Doris continued: "Mum lived till she was 84 and died in 1970. She used to talk about playing football but she never won any medals as far as we know."
Another person who spotted herself in the 1917 photograph was Elizabeth Hibbert of Blackett Court, Wylam, who in 1988 was 89 years old.
Elizabeth, known as Betty (pictured back row, second left in football strip) played outside-left for Wallsend Slipway and went on to represent England. Her maiden name was McConnell. She recalled the picture being taken at St. James' Park for their very first match there.
If that's the case, the team photograph of Wallsend Slipway Engineering Company was taken at St. James' Park, Newcastle, on April 30, 1917, when the team played North East Marine in aid of Dr Barnardo's Homes.
"We used to play there [St. James' Park] now and again and got some good crowds in our day," enthused Betty (listed on the team sheet as L. McConnell).
Meanwhile Joan, in early 1989, wrote to Betty to ask her about memories of her mother Jean Watson. This was the wonderful response on January 16, 1989 [see images and text below].
Thank you so much for your very interesting letter. I well remember your mother "Jenny" [sic]. I remember her romance but did not know how it finished [she married George Gillander in 1929, see above].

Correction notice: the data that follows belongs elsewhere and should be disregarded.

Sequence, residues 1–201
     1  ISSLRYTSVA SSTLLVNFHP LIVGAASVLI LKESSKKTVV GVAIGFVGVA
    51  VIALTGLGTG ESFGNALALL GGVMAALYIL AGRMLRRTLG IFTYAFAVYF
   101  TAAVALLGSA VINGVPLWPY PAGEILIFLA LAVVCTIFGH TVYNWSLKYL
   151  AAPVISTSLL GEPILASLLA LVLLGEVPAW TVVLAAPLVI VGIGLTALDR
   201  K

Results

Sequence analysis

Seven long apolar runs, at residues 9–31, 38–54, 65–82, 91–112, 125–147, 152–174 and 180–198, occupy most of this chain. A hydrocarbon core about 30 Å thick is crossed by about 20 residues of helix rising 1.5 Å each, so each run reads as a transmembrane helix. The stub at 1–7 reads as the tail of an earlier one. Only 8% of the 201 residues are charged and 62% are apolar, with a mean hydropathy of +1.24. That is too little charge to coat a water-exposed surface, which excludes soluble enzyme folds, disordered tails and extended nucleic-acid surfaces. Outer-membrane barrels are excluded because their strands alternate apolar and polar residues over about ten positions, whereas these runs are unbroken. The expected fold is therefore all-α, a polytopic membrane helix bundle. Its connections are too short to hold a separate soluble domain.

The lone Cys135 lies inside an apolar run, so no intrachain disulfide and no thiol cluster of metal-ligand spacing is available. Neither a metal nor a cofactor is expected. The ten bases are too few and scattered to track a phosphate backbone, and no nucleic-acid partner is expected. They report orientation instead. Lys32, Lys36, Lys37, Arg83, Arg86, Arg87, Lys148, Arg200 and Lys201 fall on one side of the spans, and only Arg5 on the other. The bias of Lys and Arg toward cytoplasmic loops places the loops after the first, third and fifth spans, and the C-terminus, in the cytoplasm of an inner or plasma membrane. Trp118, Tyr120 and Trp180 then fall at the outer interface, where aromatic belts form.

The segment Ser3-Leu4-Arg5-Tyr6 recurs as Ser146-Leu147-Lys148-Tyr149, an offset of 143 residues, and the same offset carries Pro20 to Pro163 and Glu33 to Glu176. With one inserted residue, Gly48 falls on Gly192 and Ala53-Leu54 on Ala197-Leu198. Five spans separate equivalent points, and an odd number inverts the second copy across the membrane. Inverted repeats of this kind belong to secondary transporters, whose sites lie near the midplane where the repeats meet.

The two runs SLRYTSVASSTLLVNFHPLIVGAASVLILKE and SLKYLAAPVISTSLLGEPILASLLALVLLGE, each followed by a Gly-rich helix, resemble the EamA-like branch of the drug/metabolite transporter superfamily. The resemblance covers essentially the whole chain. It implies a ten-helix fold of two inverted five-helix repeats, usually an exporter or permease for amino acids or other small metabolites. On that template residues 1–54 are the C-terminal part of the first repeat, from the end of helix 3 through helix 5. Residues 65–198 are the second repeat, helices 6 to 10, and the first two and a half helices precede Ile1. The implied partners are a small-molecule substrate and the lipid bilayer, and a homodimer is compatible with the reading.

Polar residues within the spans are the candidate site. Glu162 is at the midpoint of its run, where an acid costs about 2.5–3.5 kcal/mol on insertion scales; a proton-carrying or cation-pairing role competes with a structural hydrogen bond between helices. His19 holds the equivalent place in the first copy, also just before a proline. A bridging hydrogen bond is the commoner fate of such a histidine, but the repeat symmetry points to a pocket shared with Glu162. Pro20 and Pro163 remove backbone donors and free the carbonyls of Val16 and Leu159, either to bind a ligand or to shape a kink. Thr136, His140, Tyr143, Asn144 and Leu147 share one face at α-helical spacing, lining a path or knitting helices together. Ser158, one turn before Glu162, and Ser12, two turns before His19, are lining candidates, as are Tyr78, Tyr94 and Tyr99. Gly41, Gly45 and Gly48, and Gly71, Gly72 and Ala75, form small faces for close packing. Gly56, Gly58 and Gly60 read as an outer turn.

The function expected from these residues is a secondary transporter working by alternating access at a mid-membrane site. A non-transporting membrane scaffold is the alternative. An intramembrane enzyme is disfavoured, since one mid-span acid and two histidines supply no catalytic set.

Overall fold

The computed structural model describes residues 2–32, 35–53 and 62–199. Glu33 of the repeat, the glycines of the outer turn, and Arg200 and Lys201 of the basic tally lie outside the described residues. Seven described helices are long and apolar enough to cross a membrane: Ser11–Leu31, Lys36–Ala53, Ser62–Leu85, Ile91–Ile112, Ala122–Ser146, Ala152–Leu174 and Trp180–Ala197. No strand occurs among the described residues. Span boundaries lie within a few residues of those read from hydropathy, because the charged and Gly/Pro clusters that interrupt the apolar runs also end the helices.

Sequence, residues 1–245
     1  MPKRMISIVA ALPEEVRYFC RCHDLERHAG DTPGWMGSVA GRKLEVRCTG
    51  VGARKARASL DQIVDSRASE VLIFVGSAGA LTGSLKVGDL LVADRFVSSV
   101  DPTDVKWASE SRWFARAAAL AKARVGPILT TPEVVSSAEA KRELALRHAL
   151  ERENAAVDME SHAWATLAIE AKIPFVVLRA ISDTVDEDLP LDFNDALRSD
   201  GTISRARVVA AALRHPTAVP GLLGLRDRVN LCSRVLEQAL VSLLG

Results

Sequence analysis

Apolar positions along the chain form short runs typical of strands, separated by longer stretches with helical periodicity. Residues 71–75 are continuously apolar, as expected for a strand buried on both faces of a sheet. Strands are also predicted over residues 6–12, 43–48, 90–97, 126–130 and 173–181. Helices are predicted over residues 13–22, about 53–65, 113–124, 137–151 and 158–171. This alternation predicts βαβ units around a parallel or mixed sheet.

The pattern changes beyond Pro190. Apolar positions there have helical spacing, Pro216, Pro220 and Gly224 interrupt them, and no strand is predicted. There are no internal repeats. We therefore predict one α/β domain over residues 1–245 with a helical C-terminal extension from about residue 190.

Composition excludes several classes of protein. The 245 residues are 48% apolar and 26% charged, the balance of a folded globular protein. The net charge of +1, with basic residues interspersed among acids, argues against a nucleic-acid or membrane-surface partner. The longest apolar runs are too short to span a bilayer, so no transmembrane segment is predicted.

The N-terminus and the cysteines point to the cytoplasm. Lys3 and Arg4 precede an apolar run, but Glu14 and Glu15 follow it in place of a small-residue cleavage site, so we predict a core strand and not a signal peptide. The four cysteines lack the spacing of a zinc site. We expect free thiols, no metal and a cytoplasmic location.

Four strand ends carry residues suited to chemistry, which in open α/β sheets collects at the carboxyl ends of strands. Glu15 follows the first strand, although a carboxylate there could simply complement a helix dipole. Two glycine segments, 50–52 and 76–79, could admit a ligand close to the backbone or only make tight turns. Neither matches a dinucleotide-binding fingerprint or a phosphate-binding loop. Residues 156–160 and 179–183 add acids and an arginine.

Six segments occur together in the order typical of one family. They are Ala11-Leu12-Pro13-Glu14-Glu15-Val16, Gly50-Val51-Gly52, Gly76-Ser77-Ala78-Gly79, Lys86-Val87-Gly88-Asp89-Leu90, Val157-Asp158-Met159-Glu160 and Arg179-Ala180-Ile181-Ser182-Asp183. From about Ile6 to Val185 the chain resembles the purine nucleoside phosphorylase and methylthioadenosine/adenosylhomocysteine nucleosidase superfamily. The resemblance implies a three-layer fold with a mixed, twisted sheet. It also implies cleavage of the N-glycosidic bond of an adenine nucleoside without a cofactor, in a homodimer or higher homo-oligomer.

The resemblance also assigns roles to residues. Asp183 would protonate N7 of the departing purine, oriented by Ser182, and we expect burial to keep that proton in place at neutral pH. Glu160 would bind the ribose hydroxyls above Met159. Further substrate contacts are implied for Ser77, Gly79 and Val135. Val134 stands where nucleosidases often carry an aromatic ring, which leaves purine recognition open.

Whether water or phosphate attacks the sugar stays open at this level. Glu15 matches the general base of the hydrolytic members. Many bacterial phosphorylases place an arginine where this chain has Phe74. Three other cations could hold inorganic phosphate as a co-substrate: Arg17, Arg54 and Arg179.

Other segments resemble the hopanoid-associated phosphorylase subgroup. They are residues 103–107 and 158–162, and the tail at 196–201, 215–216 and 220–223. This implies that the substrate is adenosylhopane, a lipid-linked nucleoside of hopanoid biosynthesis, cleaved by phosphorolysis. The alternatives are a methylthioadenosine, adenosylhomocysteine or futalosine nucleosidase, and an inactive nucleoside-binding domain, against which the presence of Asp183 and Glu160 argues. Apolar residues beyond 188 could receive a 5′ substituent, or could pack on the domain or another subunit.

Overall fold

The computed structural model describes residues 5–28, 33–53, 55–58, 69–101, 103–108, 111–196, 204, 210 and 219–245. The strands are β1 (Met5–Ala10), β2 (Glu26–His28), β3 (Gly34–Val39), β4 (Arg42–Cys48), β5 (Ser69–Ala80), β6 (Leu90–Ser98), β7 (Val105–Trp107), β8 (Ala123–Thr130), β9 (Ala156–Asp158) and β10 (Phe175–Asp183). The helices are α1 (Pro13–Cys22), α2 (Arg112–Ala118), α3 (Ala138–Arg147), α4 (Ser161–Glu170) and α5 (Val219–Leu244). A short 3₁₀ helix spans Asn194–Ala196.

I last remember her going to be a nurse. Her friend Mary Mulligan did become a nurse and was sister at Cherry Burn, Ryhope.
I played for four years. Your mother didn't because the women workers at Wallsend Slipway were finished in 1919 and I played on with a selective team of internationals.
This letter is written by Norma, my warden, because I can't see to write.
The man in the photo was George Haver. He founded the team and everything appertaining.
The other man [not in the photograph] was Jimmy Mutrie who managed the North Eastern girls [North Eastern Marine, Wallsend]...
Betty was to pass away, aged 90, at Blacket Court in Wylam. She was the last surviving member of the Wallsend Slipway team and still had family (brothers and sisters) in Wallsend.
It is likely that one of her sisters, possibly called Agnes, also played for Wallsend Slipway.
A widow for many years, Betty had no children. She was an active member of Wylam WI and worked as an engraver in later life. Her Thanksgiving service was at St Oswin's Church, Wylam, on November 26, 1989.